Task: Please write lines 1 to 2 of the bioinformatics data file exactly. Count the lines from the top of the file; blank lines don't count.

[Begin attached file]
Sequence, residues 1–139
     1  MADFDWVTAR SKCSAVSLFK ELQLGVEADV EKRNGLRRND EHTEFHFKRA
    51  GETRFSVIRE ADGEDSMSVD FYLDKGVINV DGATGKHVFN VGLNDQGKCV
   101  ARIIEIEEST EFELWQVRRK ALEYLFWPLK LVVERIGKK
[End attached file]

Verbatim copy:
Sequence, residues 1–139
     1  MADFDWVTAR SKCSAVSLFK ELQLGVEADV EKRNGLRRND EHTEFHFKRA